Fiona’s story began with a trip to the UK, part way through her horticulture studies at Burnley College (now a campus of the University of Melbourne). ‘I really loved seeing [English gardens], but I realised they weren’t appropriate for Australia. If we were to move forward here, we really had to go and try new things and be brave about it.’

A dissertation on the restoration of an Edna Walling garden in her final year of study solidified Fiona’s approach. ‘I’d always had an interest in Australian plants, and I began looking at why native gardens hadn’t been successful in the past.’ According to Fiona, it was the plant-and-walk-away approach that was the problem, not the plants themselves. ‘Native plants have to be managed, just like we manage rosemary, roses, camellias.

‘I knew the sort of garden I wanted to have and be able to give other people, and I thought, “Well, I’m just going to experiment.” ’ Her first home garden was on a property near Albury. It evolved in tandem with her work as a designer, focusing on farm gardens, where ‘resources are limited and people go, “Look, we want a beautiful garden but we haven’t got money, we haven’t got water … but we’ve got old bridge timbers, beautiful rock and fantastic old rock walls—what can we do?” ’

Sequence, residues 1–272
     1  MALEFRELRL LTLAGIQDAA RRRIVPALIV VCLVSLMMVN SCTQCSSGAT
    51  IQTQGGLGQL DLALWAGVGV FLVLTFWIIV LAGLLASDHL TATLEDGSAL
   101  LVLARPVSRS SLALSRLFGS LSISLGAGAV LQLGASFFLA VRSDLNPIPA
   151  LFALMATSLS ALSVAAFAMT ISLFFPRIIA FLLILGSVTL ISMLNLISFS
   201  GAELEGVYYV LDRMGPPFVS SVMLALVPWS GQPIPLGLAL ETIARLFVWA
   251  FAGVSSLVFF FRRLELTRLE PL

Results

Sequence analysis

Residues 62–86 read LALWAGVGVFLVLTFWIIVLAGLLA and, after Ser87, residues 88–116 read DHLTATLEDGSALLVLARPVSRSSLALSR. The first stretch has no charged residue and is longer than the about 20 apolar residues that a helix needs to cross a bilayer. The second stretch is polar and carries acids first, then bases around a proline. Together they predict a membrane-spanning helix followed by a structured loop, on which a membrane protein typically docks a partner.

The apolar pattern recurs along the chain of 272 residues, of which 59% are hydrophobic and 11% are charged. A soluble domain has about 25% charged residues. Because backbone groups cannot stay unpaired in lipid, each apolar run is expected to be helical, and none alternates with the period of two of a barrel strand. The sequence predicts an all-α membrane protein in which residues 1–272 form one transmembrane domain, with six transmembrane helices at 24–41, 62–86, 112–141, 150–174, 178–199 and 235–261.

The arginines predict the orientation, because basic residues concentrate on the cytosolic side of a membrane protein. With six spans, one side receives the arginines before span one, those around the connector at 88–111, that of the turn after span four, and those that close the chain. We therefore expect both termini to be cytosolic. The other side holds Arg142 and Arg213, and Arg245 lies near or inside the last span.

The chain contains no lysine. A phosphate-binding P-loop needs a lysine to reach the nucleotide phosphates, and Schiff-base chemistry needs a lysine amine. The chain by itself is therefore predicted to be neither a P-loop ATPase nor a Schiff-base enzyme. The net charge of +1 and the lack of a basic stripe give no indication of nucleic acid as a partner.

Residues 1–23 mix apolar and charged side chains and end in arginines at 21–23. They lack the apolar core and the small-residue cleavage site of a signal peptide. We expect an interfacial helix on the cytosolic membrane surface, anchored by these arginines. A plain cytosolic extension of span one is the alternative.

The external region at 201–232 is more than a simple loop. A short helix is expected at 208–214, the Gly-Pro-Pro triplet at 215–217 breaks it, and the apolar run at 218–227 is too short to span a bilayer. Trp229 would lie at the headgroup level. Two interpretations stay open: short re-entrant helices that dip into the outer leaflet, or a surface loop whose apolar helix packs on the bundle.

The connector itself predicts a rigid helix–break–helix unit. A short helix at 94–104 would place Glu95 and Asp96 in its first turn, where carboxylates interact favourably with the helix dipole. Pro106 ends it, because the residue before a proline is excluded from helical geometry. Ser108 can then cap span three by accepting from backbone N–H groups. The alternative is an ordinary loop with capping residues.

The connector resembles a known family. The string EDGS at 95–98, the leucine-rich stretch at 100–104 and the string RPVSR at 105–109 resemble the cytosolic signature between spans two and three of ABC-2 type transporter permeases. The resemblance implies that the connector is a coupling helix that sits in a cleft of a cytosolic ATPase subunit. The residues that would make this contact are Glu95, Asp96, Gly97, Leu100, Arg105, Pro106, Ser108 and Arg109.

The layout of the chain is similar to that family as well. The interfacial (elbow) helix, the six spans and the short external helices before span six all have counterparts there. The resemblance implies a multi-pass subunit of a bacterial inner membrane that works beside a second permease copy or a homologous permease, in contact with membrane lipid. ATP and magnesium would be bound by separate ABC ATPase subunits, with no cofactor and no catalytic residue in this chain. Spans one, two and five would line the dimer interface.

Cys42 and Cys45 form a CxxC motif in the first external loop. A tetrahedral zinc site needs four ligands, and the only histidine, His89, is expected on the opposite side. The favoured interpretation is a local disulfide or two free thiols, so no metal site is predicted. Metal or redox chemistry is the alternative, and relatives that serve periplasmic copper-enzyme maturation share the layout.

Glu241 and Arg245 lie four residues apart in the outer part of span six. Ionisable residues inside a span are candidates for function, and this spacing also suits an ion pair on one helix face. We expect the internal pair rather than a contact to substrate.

Country gardens are truly exercises in practical generosity. Yet resourcefulness and generosity can be radical ideas. ‘Often when I have a garden opening in Melbourne, the Schlumbergera are flowering: they’ve got bright fuchsia-coloured flowers. I probably give out around a hundred cuttings at every garden opening,’ Fiona says. ‘Sometimes when I post a pic of the flower on Instagram, people comment, “My cutting is blooming for the first time. We love the fact that we have a little of your garden in ours.” It’s such a simple gesture, but it can mean so much.’

Photography Daniel Shipp.

Fiona’s garden, Karkalla, on Victoria’s Mornington Peninsula, is where her ideas about native Australian plants, resourcefulness and connection to place and community come together. It is a masterpiece: a garden with such a strong sense of genius loci that it could be nowhere else on earth. It began with walking and observing. ‘When I first bought the property, I spent a lot of time walking in the national park, observing what was growing, how plants grew dif­ferently in dif­ferent parts of the park. I took a lot of that visual experience and observation into my garden when I started to think about what I was going to plant and what materials I was going to use.